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The New Zealand Railways Magazine, Volume 13, Issue 6 (September 1, 1938)

Our Women's Section

page 57

Our Women's Section

Head First into Spring


It keeps that fetching angle with the aid of a bandeau. The colourful crown of flowers matches the gay print you will wear under a dark coat.

Felt or Panama.

The curve of this brim suits most people. Note the brightly coloured scarf which becomes a veil at the back.

Flowers and Veils.

You can't have too much of them. Even with a tailleur, place a flower in your hat and drape some veiling round the brim.


To show all your curls. Buy one in any shade of suede or petersham and wear it casually on the back of your head.

Other Hat Styles.

All sorts of things happen to the beret. Very smart is the upward and forward line. One spring model in tabac brown is carried out in felt and grosgrain ribbon.

Chin straps can be smart, but examine your chin and neckline carefully before venturing.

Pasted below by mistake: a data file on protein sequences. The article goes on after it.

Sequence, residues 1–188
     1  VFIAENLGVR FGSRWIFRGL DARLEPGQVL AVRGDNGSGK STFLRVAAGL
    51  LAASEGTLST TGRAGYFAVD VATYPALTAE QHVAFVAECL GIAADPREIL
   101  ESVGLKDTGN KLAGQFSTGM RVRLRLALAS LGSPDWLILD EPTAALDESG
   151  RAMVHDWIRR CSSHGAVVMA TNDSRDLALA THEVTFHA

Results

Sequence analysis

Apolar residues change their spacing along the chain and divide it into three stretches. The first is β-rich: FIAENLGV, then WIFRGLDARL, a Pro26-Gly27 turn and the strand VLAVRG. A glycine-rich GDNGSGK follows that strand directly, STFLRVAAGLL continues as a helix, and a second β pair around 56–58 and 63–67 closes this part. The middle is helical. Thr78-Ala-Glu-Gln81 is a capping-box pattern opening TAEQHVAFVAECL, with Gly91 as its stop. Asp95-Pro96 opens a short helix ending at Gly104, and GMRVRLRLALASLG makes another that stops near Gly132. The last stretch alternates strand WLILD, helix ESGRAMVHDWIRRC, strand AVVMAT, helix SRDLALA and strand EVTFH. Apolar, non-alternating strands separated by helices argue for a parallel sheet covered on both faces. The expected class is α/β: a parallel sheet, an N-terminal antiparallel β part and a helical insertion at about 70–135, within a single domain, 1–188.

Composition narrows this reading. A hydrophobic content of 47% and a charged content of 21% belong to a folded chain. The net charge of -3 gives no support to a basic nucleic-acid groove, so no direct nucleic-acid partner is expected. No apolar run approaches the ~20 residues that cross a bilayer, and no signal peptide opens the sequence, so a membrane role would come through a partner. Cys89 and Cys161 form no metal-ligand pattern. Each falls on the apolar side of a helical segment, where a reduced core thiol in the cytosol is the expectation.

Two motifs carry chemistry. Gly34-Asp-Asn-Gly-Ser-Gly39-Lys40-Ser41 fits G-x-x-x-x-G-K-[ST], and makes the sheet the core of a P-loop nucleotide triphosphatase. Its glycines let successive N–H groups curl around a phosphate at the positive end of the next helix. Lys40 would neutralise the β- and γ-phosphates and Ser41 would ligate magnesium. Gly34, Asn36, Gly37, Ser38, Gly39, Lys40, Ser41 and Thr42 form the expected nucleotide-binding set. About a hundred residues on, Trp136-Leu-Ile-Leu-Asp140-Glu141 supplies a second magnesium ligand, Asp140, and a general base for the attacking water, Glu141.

The smartest hat I've seen was worn by an English tourist. It had an abbreviated “topper” crown, and was of black with a fuchsia lining to the brim. With it were worn an inconspicuous suit in tiny black and white checks and a plain straight fuchsia scarf.

A hat that I can imagine the Duchess of Kent wearing with distinction is a black Edwardian bowler with very curled brim. The fairly high crown is almost entirely composed of a plume of black feathers.

Feathers vie with flowers as trimmings. Two wings adorning the front of a hat give a Viking effect. White mounts on navy, or navy on white, are specially smart.